Latin America correspondent Joshua Goodman spent months gaining the trust of Matthias Krull, a press-shy convicted felon, but the payoff was an exclusive story of how the Swiss banker facilitated the looting of Venezuela’s state coffers. Krull’s government testimony is credited with boosting multiple criminal investigations against corrupt allies of Venezuelan President Nicolas Maduro.
During a series of off-the-record meetings over 10 months, Goodman and Krull developed a rapport, allaying concerns of the former banker and his attorney over security and that such an interview might anger Miami prosecutors. Krull shared documents bolstering his claim that his former firm, driven by profits, ignored indications of money laundering by its clients. And at one point Krull allowed Miami-based video journalist Cody Jackson to record the removal of his court-ordered ankle monitor. The access and trust were key in helping Goodman stave off major competitors also chasing the interview.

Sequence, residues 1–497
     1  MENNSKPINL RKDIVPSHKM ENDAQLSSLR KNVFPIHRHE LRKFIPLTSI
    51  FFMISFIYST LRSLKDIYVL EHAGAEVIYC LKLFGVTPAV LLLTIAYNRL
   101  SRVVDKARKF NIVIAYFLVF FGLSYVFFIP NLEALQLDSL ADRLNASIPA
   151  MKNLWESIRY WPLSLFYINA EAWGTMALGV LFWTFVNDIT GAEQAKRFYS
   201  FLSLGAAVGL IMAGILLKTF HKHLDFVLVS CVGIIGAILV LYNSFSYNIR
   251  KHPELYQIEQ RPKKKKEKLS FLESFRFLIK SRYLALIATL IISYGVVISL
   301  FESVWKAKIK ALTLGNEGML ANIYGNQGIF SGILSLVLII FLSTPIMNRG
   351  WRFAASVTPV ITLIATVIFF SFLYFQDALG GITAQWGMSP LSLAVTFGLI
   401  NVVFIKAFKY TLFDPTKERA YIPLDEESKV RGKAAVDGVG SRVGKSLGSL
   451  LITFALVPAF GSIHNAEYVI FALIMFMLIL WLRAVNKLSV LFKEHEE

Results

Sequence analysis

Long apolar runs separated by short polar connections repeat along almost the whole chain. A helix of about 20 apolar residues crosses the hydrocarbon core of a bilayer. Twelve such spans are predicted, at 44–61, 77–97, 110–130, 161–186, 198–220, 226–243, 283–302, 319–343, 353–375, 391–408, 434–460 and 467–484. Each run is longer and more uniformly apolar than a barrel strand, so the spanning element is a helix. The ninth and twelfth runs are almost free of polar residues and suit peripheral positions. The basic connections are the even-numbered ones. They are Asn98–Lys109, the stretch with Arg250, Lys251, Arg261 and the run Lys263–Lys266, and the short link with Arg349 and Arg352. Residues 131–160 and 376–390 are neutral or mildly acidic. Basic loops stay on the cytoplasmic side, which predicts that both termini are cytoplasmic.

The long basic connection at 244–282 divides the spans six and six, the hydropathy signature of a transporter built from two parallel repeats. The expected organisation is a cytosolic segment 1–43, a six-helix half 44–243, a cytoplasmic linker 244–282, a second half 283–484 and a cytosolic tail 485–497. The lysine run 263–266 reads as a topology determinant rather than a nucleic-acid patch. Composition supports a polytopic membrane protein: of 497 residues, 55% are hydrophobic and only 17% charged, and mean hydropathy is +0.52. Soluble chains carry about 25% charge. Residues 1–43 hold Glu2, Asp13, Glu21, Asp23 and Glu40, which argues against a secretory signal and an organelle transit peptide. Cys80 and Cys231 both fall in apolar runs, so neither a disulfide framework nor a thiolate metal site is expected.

On a busy news day, Goodman’s story — just his latest exposing corruption in Venezuela — was the most-read on apnews.com, with remarkable reader engagement. Social media in Venezuela buzzed, as this was the first time anyone had heard from Krull since his high-profile arrest in 2018, whjile a leading Swiss website for financial news, competing against Goodman on this story, even put it atop their “Best of the Month” selections.